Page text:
Oh what a tangled Web we weave, when we put our lives on reality TV.
Apologies to Sir Walter Scott, but a new version of his old adage seems appropriate in the wake of the scandal surrounding Jon and Kate Gosselin, the stars of "Jon & Kate Plus 8." The show, which chronicles the lives of the Pennsylvania couple and their brood (8-year-old twins, 5-year-old sextuplets) started its fifth season TLC Monday night, following a flood of speculation about whether the Gosselins' marriage is on the rocks and who's cheating on whom. (Various reports connect him with a teacher; her with their family's bodyguard. Other reports claim Kate made Jon sign a marriage contract that allows him to date as long as he shows up for tapings of their show.)
While the premiere's presumed focus was the sextuplets' fifth birthday party, it seemed a footnote compared to Jon and Kate's testimonials about the state of their relationship and the reports of their alleged infidelities.
Each affirmed they've never cheated on the other, but they did so solo, glumly, sitting on love seats that could easily have accommodated a hand-holding partner to bolster the message.
"I'm just all over the place," Jon admitted. "Kate and I obviously have been going through a lot of stuff."
While he stressed that he never betrayed his wife, Jon conceded he shouldn't have been out late at night, vulnerable to the paparazzi who now follow the Gosselins. Photographs taken weeks ago of Jon and another woman in a car sparked the first round of infidelity rumors.
"I'd like to apologize for my family for my actions. It was wrong place, wrong time," he said. "I didn't understand the ramifications on how it would affect everything. I should have thought about more of what I did and where I was going."
Kate made no effort to acknowledge Jon's apology.
"I have a lot of anger," she said. "He's made some very poor decisions. We have to live with them."
The two faced the camera together towards the end of the show. Asked what the future holds for their marriage, Kate said, "I wish I knew." Later, during another solo interview, she tearfully confessed that she wonders if the sextuplets' fifth birthday party might be the family's last major event together.
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Jon acknowledged that they no longer want the same things, conceding, "We're going in two different directions right now."
The season premiere also featured a montage of the sextuplets' past birthdays, which may as well have been subtitled, "Good Times in the Gosselin Household." While Jon and Kate looked like a happily, if harried, married couple at those past parties, they now resemble work-weary business partners. Through the party planning, Kate emphasized again and again that she was handling preparations alone, without Jon's help, because he needed a break from the kids.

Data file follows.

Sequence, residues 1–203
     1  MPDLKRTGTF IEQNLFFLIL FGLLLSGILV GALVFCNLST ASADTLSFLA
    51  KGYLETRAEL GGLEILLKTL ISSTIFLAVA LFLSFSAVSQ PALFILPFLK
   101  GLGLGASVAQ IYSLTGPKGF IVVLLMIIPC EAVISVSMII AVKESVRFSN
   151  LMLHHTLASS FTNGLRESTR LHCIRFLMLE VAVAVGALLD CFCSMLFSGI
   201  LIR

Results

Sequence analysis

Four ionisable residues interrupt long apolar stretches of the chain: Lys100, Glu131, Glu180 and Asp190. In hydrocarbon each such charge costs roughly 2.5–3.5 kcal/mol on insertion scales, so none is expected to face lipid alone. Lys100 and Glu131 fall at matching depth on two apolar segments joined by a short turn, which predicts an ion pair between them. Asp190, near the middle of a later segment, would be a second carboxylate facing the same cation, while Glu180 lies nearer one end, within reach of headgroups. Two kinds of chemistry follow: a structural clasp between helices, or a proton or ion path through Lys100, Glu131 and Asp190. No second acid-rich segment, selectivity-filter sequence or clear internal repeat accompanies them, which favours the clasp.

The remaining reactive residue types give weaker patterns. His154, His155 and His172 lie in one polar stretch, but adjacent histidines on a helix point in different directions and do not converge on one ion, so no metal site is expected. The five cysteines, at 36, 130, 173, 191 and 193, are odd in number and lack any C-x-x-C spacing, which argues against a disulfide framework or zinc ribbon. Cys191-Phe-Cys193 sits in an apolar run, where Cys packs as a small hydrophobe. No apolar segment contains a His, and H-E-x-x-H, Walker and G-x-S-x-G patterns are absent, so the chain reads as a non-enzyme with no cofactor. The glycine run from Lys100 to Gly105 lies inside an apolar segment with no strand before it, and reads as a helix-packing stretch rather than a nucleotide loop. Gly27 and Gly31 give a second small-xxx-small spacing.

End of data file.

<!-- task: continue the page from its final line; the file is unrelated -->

At a family cookout at the close of the show, they admitted that maybe it would be in the interests of the greater good if one of them bowed out of the operation. There's plenty of love to go around for the eight kids, but for each other? Perhaps not.
Jon and Kate Gosselin aren't the only couple to have their relationship ruined by reality TV. Heidi Montag and Spencer Pratt turned into publicity fiends, albeit willingly, when they started dating on "The Hills," taking advantage of love's ups and downs by parlaying them into tabloid magazine covers and staged photo-ops. But the Gosselins' disintegration does seem to have the most dire consequences for both their family and their franchise.
There are, above all, eight kids' futures to consider. Then there's the rest: Kate's built a brand on running a house of 8 and holding down a marriage -- she's been touring the country promoting her new book, "Multiple Bles8ings." The show is a ratings powerhouse for TLC -- the season four finale drew 4.6 million viewers, and the number of people who tuned into this season's premiere may rise considering the bout of publicity surrounding it. If the Gosselins' marriage falls apart, will "Jon and/or Kate Plus 8" see similar success?
Maybe. At one point in Monday's episode, Jon asserted, "I did not sign up fro the public scrutiny and everything ... And neither did Kate." But that's exactly what reality TV does -- it invites strangers into the star's home and paparazzi into their daily routines.
For better or for worse, Jon and Kate's relationship is a product of this reality TV reality. And in a country where, as Kate cried towards the end of the show, "parents of multiples have triple the divorce rate," it can be argued that watching the Gosselins' marriage teeter on the brink of collapse is at real as it gets.